Science works. The scientific enterprise is a remarkably efficient producer of understanding of nature. Nevertheless, despite the prevalent skepticism of the last half-century, historians and philosophers of science individually have not satisfactorily explained science’s success. They have therefore failed to justify its authoritative role in modern culture. I approach the justification of science by studying the history and philosophy of science in concert, analyzing the intellectual content of past science in its own context, particularly the Scientific Revolution. My research thus comprises philosophy of science and the history of early modern philosophy and science.

Science is at the heart of the modern human experience. The study of science should therefore be central to the humanistic attempt to know ourselves. Yet the study of science is lamentably marginal among humanists. All of my research, whatever it argues, aims to direct humanist attention to science.

Representing Space in the Scientific Revolution

A study of the changing representation of space that accompanied the birth of modern physics, Representing Space in the Scientific Revolution examines the move away from the spherical, Aristotelian cosmos toward the rectilinearly oriented universe of Newton and his successors. It addresses the fundamental conceptual and explanatory contributions of Copernicus, Gilbert, Kepler, Galileo, and Descartes, culminating in Newton’s synthesis. In doing so, this book offers a model of scientific change that vindicates the philosophical argument that conceptual frameworks are constitutive of scientific knowledge. It also demonstrates the utility of an integrated historical and philosophical approach in the humanistic study of science.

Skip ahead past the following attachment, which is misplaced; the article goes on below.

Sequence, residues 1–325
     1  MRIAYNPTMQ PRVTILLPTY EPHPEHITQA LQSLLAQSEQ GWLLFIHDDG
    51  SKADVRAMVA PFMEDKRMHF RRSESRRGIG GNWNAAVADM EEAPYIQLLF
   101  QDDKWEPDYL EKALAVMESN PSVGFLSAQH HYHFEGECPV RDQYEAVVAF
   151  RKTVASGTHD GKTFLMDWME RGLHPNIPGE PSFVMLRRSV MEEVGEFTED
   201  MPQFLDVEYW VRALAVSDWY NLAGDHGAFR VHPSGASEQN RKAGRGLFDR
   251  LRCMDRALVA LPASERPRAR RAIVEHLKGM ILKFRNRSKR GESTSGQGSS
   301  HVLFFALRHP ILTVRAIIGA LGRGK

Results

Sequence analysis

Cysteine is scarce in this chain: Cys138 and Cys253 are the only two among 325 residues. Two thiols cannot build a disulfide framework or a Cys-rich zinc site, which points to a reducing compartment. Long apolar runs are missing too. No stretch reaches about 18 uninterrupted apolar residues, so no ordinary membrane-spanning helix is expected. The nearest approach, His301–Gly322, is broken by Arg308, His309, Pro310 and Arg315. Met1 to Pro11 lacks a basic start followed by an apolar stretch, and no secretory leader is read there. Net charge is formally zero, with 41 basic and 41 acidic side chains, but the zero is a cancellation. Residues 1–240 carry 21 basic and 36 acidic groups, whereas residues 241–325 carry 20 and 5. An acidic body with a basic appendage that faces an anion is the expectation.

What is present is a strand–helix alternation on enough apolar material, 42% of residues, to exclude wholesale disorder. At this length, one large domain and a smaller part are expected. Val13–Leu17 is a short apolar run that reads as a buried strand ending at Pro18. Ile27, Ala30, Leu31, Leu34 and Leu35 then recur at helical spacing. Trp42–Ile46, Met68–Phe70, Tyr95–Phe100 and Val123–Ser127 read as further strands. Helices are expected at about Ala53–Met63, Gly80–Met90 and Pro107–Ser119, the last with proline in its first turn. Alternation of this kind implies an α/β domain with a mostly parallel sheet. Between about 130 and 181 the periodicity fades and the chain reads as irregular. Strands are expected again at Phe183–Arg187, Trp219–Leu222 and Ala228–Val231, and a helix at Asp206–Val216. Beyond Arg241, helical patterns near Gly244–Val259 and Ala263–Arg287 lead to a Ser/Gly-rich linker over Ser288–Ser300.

Representing Space is available from Cambridge University Press. Order here. Now in paperback!

Works in Progress

Essays about the emergence of scientific values (especially empiricism, mathematization, and mechanization) during the early modern period.

“Mathematization and the Quaestio de Certitudine Mathematicarum.”

"Astronomy." History and Philosophy of Science, 1450-1750, ed. Marius Stan (Bloomsbury).